Athena SWAN charter mark will tackle arts gender bias

Awards will go to arts, humanities and social science departments that hire and support women

August 1, 2013

The Athena SWAN Charter for Women in Science, the scheme that encourages gender equality in science disciplines within the academy, is expanding to cover the arts, humanities and social sciences.

A new award, called the gender equality charter mark, covering the subject areas will follow the model of the Athena SWAN charter, with institutions and individual departments able to apply for bronze, silver and gold status.

Although in the immediate future the two schemes will run in parallel, the Equality Challenge Unit, which manages both, hopes eventually to bring the two together, said Gary Loke, head of policy at the unit.

The charter is likely to find strong support from institutions already engaging with the Athena SWAN award, he said.

Applications soared after it was linked to research funding by the Department of Health in 2011, with the number of applications trebling between 2012 and 2013. “As Athena SWAN has gained traction over the last few years, what we recognised was that actually a lot of the core issues in the [science] disciplines were the same across the board.”

A trial of the arts, humanities and social sciences charter mark, launched on 25 July, follows a successful pilot led by the University of Reading.

It will run in up to 30 institutions until spring 2014 and is aimed in particular at small specialist institutions and conservatoires that would not previously have had a need to engage with the science-based Athena SWAN awards.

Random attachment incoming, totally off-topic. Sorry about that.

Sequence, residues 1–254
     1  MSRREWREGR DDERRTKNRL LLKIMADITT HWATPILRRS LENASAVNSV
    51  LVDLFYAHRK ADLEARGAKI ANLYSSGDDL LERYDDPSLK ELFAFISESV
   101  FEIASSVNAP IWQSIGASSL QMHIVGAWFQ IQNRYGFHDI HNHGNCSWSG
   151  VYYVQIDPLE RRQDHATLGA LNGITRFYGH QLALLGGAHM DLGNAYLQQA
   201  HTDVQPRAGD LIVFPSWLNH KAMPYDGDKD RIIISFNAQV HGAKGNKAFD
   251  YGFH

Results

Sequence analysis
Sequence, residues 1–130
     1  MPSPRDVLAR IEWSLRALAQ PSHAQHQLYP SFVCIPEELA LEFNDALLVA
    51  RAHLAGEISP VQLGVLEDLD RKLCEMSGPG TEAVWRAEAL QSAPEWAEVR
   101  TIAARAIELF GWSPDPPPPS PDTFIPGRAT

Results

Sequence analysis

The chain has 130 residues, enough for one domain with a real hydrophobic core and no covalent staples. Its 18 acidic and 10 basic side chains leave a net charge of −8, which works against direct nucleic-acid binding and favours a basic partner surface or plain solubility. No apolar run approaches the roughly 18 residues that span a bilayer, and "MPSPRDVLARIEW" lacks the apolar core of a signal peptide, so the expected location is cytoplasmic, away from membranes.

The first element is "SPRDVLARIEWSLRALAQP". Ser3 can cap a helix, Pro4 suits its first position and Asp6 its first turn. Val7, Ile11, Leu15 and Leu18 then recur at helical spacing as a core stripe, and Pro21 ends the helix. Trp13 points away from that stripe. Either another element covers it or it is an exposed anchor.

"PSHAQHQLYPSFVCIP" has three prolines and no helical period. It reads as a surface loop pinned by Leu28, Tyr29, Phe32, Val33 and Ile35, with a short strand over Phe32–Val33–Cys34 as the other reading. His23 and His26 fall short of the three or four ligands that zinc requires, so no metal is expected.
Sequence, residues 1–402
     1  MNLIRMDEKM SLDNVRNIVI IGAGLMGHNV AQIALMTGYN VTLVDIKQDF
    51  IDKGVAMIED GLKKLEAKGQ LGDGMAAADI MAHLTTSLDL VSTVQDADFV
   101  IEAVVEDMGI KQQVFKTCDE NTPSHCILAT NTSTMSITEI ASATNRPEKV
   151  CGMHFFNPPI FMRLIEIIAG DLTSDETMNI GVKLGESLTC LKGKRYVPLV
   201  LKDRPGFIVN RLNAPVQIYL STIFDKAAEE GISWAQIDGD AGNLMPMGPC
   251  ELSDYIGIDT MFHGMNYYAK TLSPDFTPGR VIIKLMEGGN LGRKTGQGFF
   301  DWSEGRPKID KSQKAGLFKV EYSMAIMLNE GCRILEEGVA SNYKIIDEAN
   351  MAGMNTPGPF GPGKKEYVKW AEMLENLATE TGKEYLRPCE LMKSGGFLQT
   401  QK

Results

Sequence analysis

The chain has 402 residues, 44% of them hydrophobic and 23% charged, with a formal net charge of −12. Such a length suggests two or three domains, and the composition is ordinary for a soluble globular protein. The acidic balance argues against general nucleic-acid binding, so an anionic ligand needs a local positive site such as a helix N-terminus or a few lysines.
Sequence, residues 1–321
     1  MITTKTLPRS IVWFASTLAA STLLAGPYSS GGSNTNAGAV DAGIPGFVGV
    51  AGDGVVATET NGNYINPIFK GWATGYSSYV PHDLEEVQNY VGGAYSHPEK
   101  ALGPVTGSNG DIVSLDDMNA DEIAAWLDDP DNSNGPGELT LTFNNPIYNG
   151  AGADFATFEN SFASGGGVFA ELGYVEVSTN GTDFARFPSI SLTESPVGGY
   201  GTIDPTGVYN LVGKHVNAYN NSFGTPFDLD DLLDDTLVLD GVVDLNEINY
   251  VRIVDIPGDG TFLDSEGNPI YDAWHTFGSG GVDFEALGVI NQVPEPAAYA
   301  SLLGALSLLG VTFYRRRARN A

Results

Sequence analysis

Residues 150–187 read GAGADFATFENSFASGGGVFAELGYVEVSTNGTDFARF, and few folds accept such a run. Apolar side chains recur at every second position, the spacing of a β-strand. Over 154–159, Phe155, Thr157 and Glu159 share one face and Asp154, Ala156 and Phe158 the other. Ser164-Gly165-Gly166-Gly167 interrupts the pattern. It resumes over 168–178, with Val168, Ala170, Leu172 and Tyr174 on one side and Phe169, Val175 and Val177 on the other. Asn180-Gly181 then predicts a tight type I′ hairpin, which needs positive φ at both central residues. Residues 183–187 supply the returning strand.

Awards will be given to departments that can show progress in hiring and retaining women, providing career support, helping to achieve a better work-life balance, and demonstrating gender equality in making senior appointments.

A difference with the new charter is that it will also cover professional and support staff, who Mr Loke said had a less formalised career ladder. Additionally, it will recognise a wider range of equality issues, including those faced by transgender staff, and address the under-representation of men involved in, for example, the early stages of an academic career in education or social work.

As previously, departments will be able to apply for recognition in their own right only once the institution achieves a bronze award.

When the science and arts charters are eventually brought together, universities will have to hold this single award for individual departments to be recognised. Mr Loke said that those already holding science awards will be given time and support to gain the combined award.

You've reached your article limit

Register to continue

Registration is free and only takes a moment. Once registered you can read a total of 3 articles each month, plus:

  • Sign up for the editor's highlights
  • Receive World University Rankings news first
  • Get job alerts, shortlist jobs and save job searches
  • Participate in reader discussions and post comments

Have your say

Log in or register to post comments

Featured Jobs

PhD Scholar in Medicine

University Of Queensland

Manager, Research Systems and Performance

Auckland University Of Technology

Lecturer in Aboriginal Allied Health

University Of South Australia

Lecturer, School of Nursing & Midwifery

Western Sydney University

College General Manager, SHE

La Trobe University
See all jobs

Most Commented

women leapfrog. Vintage

Robert MacIntosh and Kevin O’Gorman offer advice on climbing the career ladder

Woman pulling blind down over an eye
Liz Morrish reflects on why she chose to tackle the failings of the neoliberal academy from the outside
White cliffs of Dover

From Australia to Singapore, David Matthews and John Elmes weigh the pros and cons of likely destinations

Mitch Blunt illustration (23 March 2017)

Without more conservative perspectives in the academy, lawmakers will increasingly ignore and potentially defund social science, says Musa al-Gharbi

Michael Parkin illustration (9 March 2017)

Cramming study into the shortest possible time will impoverish the student experience and drive an even greater wedge between research-enabled permanent staff and the growing underclass of flexible teaching staff, says Tom Cutterham